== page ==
In July the Playing Out team and a group of Bristol street organisers took part in the first playing out stewarding and signage workshop. It’s now two years since Bristol residents have been able to play out regularly under the Temporary Play Street Order policy put in place by the council and many streets are now starting year three of weekly, fortnightly or monthly sessions. The time seemed right to look at some of the issues and experiences that have come up for street organisers and stewards.
The steward’s role is key to ensuring each playing out session is safe – that children stay in the closed area and vehicles are guided in or out. And happily most sessions run smoothly, with drivers listening to stewards and respecting the fact that a playing out session is in progress. But occasionally stewards have had difficult experiences with hostile drivers or cyclists and handling those situations calmly and confidently can be hard.
The workshop session was facilitated by Jon Beedell of the Desperate Men street theatre company and gave an opportunity to role play and think about how to respond to tricky situations. Although it sounds obvious, one of the key things I took away was the importance of your own approach. Simply by taking an open and positive attitude you can hopefully diffuse most situations before they escalate.
Smile, make eye contact (as much as you can through a windscreen or car window), empathise and try to couch your responses positively. You might say to a resident wanting to park their car. “You can’t come in to park unless you let me walk ahead to stop children getting hurt – do you understand?” certainly clear but somewhat uncompromising and aggressive. A more empathetic “To get you safely to where you need to park, I’ll walk in front of you to ensure the road is clear – OK?” conveys the same message but hopefully get a better response and is more neighbourly too.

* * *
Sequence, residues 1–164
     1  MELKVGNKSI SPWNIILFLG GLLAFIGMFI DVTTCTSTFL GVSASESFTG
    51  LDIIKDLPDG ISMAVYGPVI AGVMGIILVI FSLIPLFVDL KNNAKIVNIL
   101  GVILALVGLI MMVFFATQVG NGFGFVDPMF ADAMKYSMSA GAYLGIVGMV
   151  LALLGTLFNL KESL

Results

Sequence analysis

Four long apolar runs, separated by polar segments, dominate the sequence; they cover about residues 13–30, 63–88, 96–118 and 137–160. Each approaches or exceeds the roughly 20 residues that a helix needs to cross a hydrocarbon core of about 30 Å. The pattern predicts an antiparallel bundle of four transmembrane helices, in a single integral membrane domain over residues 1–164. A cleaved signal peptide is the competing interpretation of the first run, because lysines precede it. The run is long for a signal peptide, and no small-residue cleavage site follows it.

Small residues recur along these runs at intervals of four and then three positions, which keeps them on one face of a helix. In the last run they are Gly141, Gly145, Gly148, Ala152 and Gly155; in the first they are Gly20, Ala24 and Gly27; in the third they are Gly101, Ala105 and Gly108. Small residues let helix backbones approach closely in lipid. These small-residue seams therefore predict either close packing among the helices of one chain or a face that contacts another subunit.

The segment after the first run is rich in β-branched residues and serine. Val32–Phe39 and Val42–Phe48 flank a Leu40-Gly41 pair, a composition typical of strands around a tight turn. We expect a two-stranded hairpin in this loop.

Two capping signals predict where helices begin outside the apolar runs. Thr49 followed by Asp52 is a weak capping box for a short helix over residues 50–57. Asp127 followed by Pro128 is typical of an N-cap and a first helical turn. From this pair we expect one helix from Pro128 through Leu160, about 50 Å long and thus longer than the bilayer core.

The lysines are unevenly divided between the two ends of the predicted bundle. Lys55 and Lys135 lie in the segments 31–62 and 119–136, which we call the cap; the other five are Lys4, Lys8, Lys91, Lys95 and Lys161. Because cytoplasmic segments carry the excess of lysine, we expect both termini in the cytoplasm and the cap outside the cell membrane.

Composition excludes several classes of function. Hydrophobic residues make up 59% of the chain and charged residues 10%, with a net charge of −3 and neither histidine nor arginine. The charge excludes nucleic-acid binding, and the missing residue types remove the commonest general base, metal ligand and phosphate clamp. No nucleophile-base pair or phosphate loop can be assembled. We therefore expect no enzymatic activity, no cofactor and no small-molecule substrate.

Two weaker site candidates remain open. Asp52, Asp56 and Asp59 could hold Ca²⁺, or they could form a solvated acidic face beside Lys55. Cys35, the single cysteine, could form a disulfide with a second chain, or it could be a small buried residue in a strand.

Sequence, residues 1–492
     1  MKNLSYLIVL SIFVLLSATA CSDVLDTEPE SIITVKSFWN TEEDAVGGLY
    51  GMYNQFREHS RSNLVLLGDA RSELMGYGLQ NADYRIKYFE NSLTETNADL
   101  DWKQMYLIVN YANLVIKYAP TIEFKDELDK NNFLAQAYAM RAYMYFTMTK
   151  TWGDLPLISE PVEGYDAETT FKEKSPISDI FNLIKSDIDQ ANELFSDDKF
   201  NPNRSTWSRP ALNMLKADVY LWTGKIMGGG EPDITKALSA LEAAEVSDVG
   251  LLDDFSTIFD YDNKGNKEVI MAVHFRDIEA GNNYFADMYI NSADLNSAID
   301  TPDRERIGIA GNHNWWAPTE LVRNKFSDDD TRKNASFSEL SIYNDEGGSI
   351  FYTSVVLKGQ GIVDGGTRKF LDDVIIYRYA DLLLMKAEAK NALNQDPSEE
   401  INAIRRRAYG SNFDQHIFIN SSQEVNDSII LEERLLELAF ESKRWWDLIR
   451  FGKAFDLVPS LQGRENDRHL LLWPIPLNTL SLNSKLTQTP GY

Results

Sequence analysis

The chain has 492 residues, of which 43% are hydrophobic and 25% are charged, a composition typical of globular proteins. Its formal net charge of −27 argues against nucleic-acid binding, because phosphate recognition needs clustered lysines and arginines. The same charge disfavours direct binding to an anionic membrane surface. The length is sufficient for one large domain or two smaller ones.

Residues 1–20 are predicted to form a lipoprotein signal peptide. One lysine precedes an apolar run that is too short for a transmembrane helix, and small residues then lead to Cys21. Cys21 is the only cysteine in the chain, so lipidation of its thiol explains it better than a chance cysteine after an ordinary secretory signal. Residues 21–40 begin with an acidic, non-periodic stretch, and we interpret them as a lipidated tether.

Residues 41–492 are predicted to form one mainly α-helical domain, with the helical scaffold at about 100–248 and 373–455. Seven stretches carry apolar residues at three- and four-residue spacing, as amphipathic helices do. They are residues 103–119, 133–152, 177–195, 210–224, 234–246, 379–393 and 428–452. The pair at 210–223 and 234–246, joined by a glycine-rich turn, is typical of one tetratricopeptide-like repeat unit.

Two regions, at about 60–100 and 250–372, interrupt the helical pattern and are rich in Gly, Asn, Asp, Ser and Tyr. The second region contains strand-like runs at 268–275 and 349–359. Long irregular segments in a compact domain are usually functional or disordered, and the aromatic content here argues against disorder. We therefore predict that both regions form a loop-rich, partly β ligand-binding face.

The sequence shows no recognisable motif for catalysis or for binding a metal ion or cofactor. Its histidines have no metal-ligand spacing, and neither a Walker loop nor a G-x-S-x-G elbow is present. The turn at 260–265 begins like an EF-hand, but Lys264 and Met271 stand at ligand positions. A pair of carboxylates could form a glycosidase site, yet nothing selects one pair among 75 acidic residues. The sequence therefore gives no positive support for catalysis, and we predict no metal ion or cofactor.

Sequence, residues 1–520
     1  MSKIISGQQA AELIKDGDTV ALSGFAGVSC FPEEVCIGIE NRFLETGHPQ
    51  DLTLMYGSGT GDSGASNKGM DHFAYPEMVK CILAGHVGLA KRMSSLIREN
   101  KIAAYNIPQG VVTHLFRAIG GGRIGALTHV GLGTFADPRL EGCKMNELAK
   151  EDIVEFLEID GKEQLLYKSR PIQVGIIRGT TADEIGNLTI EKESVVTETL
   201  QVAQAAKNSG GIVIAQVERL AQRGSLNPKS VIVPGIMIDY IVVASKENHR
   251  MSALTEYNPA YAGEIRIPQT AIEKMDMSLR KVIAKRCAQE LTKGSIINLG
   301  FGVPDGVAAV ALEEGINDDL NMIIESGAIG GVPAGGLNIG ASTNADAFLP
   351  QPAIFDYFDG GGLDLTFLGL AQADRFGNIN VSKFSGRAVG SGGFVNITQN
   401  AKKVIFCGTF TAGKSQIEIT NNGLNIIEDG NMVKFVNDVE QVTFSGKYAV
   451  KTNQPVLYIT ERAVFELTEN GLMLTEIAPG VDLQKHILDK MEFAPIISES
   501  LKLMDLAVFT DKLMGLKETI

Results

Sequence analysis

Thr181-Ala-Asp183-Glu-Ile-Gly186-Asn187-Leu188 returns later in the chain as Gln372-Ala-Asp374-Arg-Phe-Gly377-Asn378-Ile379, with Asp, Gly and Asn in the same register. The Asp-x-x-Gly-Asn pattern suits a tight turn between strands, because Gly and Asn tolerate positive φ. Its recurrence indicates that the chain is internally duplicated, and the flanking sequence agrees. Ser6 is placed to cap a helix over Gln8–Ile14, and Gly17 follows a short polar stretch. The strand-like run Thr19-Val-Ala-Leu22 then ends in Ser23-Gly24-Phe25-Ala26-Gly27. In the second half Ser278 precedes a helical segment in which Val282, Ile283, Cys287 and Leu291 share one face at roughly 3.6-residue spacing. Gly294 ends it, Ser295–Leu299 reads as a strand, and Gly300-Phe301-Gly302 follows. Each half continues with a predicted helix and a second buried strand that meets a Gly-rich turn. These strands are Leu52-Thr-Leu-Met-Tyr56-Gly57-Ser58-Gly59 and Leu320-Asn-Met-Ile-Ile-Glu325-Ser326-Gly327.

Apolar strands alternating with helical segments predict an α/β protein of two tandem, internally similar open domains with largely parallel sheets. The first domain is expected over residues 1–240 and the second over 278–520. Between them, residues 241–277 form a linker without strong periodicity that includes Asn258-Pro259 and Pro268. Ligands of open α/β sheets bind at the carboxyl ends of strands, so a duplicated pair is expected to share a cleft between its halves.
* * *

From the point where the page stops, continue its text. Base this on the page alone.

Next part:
It’s ok to feel a little nervous about your role as a steward – you are after all the person standing between children playing and traffic. Try not to let this show through and instead think through how you will explain what’s happening to any drivers who approach and how you will respond to them.
Remember that behind the wheel (or in the bike saddle) is another person and on another day that could be you. You can’t know where that person is coming from or what else is going on in their life. Maybe they’ve had a terrible day or got other worries on their mind and any grumpiness isn’t necessarily directed at the playing out session and almost certainly not at you personally.
We are hoping to run another stewarding session in Bristol but would like to hear any tips you have for stewarding and also what you think would be useful. Do leave a comment here, email us or post on our Facebook group. And don’t forget our stewards’ briefing has advice and clear information to help anyone donning the high-viz and acting as a steward during a playing out session.